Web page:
Italy approves sweeping reforms
The Italian government has approved a controversial series of reforms designed to boost its ailing economy.
Measures include allowing more taxi licences and permitting pharmacists to give discounts on some medicines.
The government's aim is to end restrictive practices and increase competition, but critics say small businesses will be harmed.
Earlier, Italy unveiled a 5.5bn euro ($7.1bn; £4.57bn) package for investment in infrastructure.
It will pay for railway lines in the less affluent south, public housing and new schools.
The money is in addition to 4.8bn euros approved in December for road-building projects and high-speed railways.
The Bank of Italy forecasts the economy will contract by up to 1.5% this year. A report due to be published by the IMF next week will predict an even bigger contraction of 2.2%, unconfirmed media reports suggest.
"The cabinet today adopted a draft bill with a package of structural reforms for growth," Prime Minister Mario Monti said.
"The Italian economy has been held back for decades. More competition means more openness, more space for young people, less space for privileges and rent-seeking, more space for merit."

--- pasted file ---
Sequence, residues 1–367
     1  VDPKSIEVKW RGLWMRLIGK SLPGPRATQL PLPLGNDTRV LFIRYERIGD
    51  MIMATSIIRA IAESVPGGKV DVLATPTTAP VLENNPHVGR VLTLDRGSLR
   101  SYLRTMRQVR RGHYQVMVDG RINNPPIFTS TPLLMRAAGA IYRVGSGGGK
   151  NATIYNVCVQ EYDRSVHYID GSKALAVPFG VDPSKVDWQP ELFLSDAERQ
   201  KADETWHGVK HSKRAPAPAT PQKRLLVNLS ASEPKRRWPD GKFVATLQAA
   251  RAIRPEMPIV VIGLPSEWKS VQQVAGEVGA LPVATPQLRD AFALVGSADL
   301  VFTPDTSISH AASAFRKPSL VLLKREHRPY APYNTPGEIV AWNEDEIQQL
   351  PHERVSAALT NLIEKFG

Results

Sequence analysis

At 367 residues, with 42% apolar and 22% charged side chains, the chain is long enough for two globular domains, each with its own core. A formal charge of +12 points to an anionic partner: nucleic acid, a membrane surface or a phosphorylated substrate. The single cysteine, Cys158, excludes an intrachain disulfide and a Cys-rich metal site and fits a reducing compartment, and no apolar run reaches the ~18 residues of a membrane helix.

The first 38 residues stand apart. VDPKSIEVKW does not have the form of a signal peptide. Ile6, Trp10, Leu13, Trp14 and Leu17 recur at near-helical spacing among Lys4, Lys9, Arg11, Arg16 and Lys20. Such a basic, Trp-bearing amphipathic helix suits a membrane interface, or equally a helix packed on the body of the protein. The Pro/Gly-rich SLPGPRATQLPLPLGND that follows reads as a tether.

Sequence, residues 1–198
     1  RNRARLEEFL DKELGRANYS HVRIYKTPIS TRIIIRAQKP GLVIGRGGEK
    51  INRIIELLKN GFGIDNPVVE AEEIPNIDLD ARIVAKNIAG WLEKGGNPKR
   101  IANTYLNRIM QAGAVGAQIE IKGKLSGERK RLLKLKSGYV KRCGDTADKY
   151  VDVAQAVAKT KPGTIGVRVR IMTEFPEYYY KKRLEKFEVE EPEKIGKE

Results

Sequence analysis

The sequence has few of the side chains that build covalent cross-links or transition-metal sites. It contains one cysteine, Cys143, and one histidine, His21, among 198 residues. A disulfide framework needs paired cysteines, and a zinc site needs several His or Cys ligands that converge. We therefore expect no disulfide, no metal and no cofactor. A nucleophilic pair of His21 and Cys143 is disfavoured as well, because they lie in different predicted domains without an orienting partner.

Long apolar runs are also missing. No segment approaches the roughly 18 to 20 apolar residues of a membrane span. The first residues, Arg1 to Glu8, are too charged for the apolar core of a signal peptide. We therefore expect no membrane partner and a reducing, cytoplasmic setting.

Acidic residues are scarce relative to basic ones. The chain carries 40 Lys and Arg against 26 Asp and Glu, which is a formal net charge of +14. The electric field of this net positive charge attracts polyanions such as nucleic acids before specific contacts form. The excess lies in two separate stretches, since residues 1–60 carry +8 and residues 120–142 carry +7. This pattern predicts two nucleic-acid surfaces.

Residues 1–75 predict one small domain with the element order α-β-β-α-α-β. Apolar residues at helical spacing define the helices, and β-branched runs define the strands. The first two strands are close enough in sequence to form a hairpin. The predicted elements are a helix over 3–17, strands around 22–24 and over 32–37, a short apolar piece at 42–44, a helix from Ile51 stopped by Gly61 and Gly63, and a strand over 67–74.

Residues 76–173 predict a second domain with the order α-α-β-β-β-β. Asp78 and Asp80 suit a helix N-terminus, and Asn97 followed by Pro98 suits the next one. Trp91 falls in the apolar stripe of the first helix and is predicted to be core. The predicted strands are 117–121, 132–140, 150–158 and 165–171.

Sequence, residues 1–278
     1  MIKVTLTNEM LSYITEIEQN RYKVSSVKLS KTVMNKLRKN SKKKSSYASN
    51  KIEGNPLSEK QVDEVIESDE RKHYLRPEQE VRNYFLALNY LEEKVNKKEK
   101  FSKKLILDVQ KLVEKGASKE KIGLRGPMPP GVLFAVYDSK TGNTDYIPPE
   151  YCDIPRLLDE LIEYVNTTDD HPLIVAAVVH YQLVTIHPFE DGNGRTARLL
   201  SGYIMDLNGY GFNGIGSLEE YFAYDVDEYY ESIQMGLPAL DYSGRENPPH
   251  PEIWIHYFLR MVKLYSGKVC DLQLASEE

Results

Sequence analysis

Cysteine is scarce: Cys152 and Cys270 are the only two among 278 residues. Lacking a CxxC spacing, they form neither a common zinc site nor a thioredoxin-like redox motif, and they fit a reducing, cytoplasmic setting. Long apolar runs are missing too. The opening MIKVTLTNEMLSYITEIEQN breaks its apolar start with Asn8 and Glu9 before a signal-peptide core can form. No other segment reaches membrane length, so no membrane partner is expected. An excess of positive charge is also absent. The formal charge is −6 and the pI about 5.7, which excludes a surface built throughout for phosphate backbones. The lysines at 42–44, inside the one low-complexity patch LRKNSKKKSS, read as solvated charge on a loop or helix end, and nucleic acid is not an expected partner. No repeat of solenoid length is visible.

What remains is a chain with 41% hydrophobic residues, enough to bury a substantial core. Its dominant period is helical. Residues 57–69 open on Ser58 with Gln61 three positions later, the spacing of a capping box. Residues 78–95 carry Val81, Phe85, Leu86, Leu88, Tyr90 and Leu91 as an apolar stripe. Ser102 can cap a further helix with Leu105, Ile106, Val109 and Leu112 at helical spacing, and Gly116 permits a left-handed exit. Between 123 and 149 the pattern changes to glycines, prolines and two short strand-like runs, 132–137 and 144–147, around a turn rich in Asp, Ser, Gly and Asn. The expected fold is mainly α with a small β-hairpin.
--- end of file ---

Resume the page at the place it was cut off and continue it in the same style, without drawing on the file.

Taxis, pharmacies, local public transport, petrol stations, lawyers, doctors and dentists have come under the government's scrutiny.
But taxi drivers and trade unions are angry about the move to boost the number of taxi licences.
Taxi drivers say there are enough taxis and competitors are not welcome.
Taxi unions have called a national strike of taxi drivers for Monday.
Under the plans, more chemist's shops will be allowed to open and their working hours liberalised, while minimum fees for doctors and lawyers will be scrapped.
Another measure is to allow petrol station operators to choose whom they buy fuel from.
Standard and Poor's cut Italy's rating by two notches last Friday to BBB+, citing concerns over the economic outlook, and Fitch Ratings has warned it could do the same by the end of the month unless progress is made.